What's Indian about Singapore's Indian Heritage Centre?

Launched in May 2015 after exhausting seven years and $21M, the Indian Heritage Centre on Campbell Lane, Little India, often triggers this first question - what's Indian about it?

Photography courtesy of Greg Shand Architects

Photography courtesy of Greg Shand Architects

Cheekier critics would reply "it's Indian because it looks like the new wing of Mustafa Centre."

The person on the street is looking for obvious tributes to historical Indian architecture - perhaps elements that draw from Indian temples, palaces or the Taj Mahal. However, architects win design competitions based on bold forms and fresh ideas. These ideas could be grounded more in theory or academia. The result: layman interpretations that fall far from the architects' and building owners' official press releases. 

A famous example would be starchitect Rem Koolhaas having to state that his groundbreaking CCTV Headquarters design in Beijing "has no hidden meaning" when ridiculous speculations went viral that he meant it to look like female and male genitalia, after an earlier round of toilet-related comparisons.

Back to the question. "What's Indian about it" begs a deeper question - "what's Indian?" For the Indian Heritage Centre, the challenge faced by designers Greg Shand Architects and Urbnarc is to not be too direct, because being "Indian" holds a range of diverse meanings.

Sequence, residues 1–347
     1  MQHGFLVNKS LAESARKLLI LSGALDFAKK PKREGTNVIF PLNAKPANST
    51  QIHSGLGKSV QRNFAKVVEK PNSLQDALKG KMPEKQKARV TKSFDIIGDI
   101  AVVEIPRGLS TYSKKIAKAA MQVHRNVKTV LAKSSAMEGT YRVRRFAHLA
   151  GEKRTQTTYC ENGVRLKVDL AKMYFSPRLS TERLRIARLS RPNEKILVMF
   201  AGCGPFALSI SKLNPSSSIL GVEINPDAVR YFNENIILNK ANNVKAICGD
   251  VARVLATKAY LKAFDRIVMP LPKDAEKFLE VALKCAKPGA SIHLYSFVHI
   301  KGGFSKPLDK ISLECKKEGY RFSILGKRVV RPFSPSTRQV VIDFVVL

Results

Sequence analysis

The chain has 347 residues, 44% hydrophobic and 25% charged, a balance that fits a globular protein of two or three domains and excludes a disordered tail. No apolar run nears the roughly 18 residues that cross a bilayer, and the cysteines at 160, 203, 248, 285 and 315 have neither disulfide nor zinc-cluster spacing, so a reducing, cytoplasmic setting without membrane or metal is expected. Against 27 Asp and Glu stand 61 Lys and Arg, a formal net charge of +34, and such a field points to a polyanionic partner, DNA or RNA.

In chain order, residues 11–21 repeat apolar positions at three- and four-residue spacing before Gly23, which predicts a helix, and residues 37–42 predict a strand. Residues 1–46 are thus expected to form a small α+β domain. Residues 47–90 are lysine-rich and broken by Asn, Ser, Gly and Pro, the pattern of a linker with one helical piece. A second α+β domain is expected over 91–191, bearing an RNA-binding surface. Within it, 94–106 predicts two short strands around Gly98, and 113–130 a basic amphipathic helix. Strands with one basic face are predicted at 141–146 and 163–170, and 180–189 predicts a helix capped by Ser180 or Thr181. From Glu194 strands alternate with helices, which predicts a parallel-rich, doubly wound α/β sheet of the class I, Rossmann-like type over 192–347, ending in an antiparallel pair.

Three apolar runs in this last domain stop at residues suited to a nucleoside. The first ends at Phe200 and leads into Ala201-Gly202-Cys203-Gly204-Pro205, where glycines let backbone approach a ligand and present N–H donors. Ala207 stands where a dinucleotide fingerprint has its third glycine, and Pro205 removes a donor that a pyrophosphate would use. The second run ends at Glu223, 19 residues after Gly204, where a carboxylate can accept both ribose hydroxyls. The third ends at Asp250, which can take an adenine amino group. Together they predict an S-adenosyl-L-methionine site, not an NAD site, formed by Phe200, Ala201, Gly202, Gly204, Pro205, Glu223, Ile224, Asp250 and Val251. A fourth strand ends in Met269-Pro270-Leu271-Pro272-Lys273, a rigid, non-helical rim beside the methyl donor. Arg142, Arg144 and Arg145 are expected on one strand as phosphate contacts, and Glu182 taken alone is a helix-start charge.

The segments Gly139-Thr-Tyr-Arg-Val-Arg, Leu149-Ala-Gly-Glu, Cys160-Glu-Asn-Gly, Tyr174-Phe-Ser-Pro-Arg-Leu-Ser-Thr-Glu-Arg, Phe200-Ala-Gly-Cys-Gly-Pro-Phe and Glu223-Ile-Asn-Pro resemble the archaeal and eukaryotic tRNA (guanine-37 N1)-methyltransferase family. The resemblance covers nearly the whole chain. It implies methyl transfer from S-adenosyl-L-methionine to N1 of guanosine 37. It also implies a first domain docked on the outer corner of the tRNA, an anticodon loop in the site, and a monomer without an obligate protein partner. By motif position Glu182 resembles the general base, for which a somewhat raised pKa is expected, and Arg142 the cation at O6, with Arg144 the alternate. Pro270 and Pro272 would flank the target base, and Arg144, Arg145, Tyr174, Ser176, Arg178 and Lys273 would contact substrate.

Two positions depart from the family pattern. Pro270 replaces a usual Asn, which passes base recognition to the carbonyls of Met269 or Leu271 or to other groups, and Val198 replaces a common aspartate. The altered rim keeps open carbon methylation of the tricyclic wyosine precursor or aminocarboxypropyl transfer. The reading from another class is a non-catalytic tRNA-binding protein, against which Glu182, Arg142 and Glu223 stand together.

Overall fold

They found inspiration for the main facade in the stepwells, flights of descending steps that leads to the water table, a category of Indian architecture that evolved to balance water supply between the seasons with and without monsoon rain. 

Stepwell in Rajasthan

Stepwell in Rajasthan

Partly because stepwells are below the ground, even in India they are becoming forgotten and abandoned, in spite of their historical importance of enabling a steady water supply in drier areas.

The best designs for cultural institutions not only look back - they look forward. The curtain of glass used in the Indian Heritage Centre may invite the knee-jerk reaction to compare it with Mustafa, but it would be unfair and unwise to expect a 2015 building to look like it belongs to the 10th or 18th century.

And anyway, the Mustafa Centre extension is lovely and houses a gorgeous rooftop restaurant that may remind you of dining at Pollen in Gardens by the Bay - with a friendlier price tag.

And on the note of looking forward, the Indian Heritage Centre's logo looks like it is trying to belong to Google.

This blog post is part of a series highlighting that you can always "travel without leaving home." We are also featuring more archaeologically related information in the lead up to the opening of the National Gallery of Art in Singapore towards the end of the year. 

Further reading:
- India's Forgotten Stepwells
- Mustafa's rooftop restaurant